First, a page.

Five staff members on the “Books Unbanned” team at the Brooklyn Public Library have been recognized as Librarians of the Year by the Library Journal. These bibliothecaries have provided free e-book access to teens and young adults across the country, specially those in places where new restrictions have forced content about race and LGBTQ+ issues off library shelves.
Through the first eight months of 2022, the American Library Association logged 681 attempts to ban 1,651 unique titles at libraries and schools across the country —the highest number of challenges since ALA began tracking them. BPL provides free digital cards to New York State residents, and previously offered out-of-state cards for a fee.
But, after the increase in censorship, Chief Librarian Nick Higgins decided the library could offer its more than 350,000 e-books, 200,000 audiobooks, and 100 databases to all teens and young adults experiencing censorship across the country, free of charge.
“A library is a place that reflects the entire community,” Higgins told the Library Journal. “That includes all sorts of voices, abilities, backgrounds, experiences and income levels. To forcibly remove some of those stories is antithetical to what libraries and even democracy are about.”
Efforts from Higgins’ team — Director of Customer Experience Amy Mikel, Coordinator of Young Adult Services, Youth & Family Services Karen Keys, Young Adult Internship Coordinator Jackson Gomes, and Coordinator of School Outreach Services Leigh Hurwitz — have, so far led 6,000 teenagers to request cards through “Books Unbanned” and 52,000 checkouts to date, since the program began last spring. The Librarians of the Year Award recognizes the work Higgins and his team did, and the impact it had on young people far and wide.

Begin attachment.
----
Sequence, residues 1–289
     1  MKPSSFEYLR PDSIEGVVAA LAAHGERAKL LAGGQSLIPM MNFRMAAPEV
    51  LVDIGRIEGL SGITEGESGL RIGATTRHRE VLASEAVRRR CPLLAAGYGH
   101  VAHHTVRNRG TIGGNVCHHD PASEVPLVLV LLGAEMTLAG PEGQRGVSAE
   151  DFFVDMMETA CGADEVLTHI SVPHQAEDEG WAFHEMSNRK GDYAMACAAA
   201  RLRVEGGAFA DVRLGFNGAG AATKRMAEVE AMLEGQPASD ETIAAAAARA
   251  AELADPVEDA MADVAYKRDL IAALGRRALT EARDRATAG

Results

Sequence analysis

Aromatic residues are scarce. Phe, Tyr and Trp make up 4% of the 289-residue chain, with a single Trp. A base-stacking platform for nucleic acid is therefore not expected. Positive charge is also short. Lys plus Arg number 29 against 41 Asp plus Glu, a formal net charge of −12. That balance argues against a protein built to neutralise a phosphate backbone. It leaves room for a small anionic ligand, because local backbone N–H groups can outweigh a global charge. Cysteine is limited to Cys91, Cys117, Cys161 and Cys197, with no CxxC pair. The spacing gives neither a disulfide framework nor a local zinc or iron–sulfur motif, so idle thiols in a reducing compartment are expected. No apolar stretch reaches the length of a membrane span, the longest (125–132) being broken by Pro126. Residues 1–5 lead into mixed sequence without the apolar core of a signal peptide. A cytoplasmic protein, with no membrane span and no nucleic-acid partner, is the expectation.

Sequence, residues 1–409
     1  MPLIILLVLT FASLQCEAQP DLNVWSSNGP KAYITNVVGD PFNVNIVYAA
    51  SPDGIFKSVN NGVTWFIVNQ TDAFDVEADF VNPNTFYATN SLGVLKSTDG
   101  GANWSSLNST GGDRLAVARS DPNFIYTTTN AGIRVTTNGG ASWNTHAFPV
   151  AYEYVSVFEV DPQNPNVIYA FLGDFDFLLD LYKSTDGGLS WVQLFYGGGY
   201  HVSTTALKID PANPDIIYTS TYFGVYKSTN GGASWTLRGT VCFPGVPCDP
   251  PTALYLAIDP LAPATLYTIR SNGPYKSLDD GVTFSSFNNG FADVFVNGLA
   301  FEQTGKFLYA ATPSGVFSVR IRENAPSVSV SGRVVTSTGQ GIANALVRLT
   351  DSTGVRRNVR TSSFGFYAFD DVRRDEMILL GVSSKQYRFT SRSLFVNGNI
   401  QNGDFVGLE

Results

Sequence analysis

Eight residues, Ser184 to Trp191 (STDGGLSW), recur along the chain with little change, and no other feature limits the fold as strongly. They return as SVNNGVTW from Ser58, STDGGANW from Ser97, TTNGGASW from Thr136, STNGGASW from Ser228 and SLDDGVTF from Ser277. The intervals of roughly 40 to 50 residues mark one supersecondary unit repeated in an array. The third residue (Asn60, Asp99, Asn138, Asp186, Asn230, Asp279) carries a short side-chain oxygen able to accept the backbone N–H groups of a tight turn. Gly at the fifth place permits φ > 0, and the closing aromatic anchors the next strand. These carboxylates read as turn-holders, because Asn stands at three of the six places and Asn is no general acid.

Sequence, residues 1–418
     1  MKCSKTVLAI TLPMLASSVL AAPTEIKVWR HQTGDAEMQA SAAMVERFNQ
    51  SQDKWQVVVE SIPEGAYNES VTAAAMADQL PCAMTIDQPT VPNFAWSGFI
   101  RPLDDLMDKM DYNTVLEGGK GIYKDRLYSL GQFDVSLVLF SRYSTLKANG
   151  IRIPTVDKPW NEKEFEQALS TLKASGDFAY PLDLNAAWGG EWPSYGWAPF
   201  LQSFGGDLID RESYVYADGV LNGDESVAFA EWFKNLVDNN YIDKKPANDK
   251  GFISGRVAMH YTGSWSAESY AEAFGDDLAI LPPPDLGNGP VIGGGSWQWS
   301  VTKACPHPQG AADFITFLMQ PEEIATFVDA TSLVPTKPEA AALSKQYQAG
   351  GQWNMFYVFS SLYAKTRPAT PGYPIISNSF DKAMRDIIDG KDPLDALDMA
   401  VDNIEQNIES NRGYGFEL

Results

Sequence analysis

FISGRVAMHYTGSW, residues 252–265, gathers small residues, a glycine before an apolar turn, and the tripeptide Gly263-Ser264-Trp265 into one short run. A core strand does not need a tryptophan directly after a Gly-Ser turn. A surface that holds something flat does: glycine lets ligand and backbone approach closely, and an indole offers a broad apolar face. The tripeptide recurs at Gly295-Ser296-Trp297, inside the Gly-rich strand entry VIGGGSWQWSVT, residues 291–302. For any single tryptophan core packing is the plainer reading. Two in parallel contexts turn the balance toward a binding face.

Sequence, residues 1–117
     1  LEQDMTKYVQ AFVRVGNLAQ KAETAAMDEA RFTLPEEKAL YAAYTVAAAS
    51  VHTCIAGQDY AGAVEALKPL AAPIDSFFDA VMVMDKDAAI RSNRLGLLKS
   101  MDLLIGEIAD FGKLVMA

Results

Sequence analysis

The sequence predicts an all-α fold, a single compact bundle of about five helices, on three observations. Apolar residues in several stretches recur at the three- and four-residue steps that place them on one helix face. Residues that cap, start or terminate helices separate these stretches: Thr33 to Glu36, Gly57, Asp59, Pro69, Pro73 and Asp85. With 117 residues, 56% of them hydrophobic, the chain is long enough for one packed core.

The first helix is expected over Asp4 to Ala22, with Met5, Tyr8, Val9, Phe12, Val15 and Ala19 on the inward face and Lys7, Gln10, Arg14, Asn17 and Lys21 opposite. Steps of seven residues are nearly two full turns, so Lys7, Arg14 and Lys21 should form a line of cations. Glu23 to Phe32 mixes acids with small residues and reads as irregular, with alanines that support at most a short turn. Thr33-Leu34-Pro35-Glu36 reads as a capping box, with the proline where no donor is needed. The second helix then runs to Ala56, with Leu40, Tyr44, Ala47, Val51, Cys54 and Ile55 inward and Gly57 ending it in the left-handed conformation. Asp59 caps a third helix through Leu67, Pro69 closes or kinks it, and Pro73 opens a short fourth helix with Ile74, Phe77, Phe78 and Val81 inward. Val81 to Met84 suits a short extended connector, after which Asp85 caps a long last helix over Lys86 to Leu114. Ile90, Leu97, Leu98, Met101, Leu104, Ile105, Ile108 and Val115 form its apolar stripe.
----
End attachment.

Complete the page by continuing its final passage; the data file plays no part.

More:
The librarians want to raise awareness of the current threat to intellectual freedom and the harm it causes.
“The stories about book bans and censorship were being driven by people who show up at a school board meeting, who shout down educators and librarians, and try to impose a very strict set of rules on what can and cannot be spoken about within their communities”” Higgins told the Journal. “We wanted to re-situate that conversation about freedom to read and intellectual freedom where it belongs, in public libraries and in schools.”
He and the team worked quickly to get the program to full capacity as book bans skyrocketed last year — and spent hours reading each and every application submitted personally.
Their courage came in spite of the possible repercussions of launching such a program — and knowing they may not receive support from other institutions.
“The alarming rise in censorship over the last year was no match for the members of our Books Unbanned team who remain indefatigably committed to supporting the principles of intellectual freedom,” said BPL President and CEO Linda E. Johnson, in a statement.”They continue to provide a lifeline to teens across the country who are too often caught in the battle over censorship; each member of the team exemplifies the finest tradition of their profession. We are proud and fortunate to call them colleagues.”
Books Unbanned is ongoing, with new cards still being issued. BPL has also launched the Intellectual Freedom Teen Council, where local teens can get together to discuss book bans and what can be done to combat them nationwide. Next month, the library is teaming up with PEN America for the first annual “Freedom to Read Advocacy Institute.” The month-long training course will “prepare and certify the next generation of free expression advocates to combat book banning and fight for the freedom” to read whatever they want in schools and libraries.
To apply for a free BPL card, anyone between 13 to 21 anywhere in the United States, can send a note via email to [email protected] or through the library’s teen-run Instagram account, @bklynfuture, describing the censorship challenges they are experiencing and why they feel libraries should have diverse collections.